The Geek Culture: How to Survive It (In the Real World)

If you’re into anything other than crap shows, crap music, crap cultures, and anything else mainstream; if you’d rather sit through the day at your home, trying to kill those polygons on your computer; if you’re into demons and  fairies and nothing in between; if you’d rather spend weeks catching up to your constantly growing list of anime shows than remote-surfing with some sort of real housewives on every channel; and if ‘socializing’, to you, means RPGs; well, you’re a part of the geek culture.

As you might be aware, being a part of the geek culture isn’t hard to survive. From getting your alternative social media account banned to constantly getting told that the stuff you like is for kids (unless they’ve seen the tentacles), you might have to face a lot of inconvenience when you turn to stuff better than mainstream.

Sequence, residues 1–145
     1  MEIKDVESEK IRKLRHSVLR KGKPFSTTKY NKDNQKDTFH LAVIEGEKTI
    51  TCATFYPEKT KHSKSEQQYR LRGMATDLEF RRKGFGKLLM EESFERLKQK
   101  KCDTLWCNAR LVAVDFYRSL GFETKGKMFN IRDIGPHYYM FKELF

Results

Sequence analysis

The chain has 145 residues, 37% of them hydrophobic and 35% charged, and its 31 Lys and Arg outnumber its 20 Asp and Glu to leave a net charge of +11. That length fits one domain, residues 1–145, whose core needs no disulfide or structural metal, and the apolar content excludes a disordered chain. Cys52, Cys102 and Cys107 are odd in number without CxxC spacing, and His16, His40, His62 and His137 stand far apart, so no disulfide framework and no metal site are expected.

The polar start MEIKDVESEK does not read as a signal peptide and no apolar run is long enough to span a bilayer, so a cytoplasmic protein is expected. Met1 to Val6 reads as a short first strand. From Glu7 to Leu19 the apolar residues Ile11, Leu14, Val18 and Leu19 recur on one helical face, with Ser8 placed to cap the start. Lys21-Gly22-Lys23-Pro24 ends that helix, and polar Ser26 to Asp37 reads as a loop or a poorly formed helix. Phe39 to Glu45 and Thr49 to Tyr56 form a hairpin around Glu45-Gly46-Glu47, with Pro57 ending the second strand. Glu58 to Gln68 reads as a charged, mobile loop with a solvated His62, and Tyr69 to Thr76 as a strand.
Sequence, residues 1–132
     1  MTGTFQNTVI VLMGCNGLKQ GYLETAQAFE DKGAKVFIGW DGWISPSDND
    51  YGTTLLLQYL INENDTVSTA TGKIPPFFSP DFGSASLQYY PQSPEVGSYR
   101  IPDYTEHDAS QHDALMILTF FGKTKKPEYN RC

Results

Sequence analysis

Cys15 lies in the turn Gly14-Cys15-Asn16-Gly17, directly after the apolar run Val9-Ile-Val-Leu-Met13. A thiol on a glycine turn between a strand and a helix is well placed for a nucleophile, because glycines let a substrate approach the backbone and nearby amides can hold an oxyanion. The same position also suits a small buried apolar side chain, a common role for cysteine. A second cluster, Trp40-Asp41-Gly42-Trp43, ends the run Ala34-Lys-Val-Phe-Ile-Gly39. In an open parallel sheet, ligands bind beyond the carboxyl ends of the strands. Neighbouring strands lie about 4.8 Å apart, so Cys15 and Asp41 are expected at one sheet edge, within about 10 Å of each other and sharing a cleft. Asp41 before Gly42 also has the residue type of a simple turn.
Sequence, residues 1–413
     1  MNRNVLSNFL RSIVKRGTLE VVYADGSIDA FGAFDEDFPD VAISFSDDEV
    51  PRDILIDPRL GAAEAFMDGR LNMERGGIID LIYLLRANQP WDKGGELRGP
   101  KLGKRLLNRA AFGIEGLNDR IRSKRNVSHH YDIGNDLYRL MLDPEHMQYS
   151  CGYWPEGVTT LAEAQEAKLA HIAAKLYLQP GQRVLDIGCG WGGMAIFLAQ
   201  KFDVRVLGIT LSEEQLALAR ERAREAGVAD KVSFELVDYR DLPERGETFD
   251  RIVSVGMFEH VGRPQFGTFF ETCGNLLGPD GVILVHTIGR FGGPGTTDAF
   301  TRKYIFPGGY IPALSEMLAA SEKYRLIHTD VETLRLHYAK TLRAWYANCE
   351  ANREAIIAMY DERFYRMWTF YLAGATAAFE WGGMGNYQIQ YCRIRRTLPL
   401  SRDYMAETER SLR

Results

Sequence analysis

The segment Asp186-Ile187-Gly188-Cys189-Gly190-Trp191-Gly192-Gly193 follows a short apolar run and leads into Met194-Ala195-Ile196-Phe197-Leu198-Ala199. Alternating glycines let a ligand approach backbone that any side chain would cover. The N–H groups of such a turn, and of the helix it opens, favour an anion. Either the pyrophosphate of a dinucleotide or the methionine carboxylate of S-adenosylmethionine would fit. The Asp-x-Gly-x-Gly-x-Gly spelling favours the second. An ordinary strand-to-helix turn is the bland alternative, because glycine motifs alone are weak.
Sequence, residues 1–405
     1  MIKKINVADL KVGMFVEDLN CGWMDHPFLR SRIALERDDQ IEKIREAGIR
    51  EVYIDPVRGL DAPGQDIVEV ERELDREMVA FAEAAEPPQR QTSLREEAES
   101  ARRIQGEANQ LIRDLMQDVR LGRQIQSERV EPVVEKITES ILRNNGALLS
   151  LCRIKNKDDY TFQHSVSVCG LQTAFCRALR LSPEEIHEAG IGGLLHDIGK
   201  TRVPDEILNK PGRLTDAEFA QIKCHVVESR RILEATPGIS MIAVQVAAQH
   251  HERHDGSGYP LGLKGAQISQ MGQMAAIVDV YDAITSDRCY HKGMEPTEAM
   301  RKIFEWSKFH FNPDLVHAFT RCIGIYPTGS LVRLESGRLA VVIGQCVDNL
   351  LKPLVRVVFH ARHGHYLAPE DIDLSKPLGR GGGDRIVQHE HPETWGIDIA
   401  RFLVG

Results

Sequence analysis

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How You Can Survive It

Though figuring out how you can survive without pretending to be into pure fish-crap (we don’t have anything against fishes) can be pretty hard to figure out, there certainly are things you can do.

These are some of them:

  • Visit events: Events dedicated to the things or genres you’re into can help you make great friends who like the same stuff that you do.
  • Online communities: Various online communities, such as targeted social media and even themed RPGs can allow you to socialize with people you might feel really comfortable communicating with.

  • Stay away from the closet: Being a closet geek will never help you out. While staying in the closet might save you from getting bullied in some way, it won’t last long. However, not trying to hide yourself will invite people who understand you for communication.
  • Reason: People who’d usually nag about what someone else likes are likely to be ignorant, but a bit of concrete reasoning can shut them up.
  • Drop pretence: Pretending to not like what you’re into or forcing yourself to adjust to the norms; trust us; will never help. Instead, keep yourself comfortable so you don’t have to have the internet as your only place to socialize.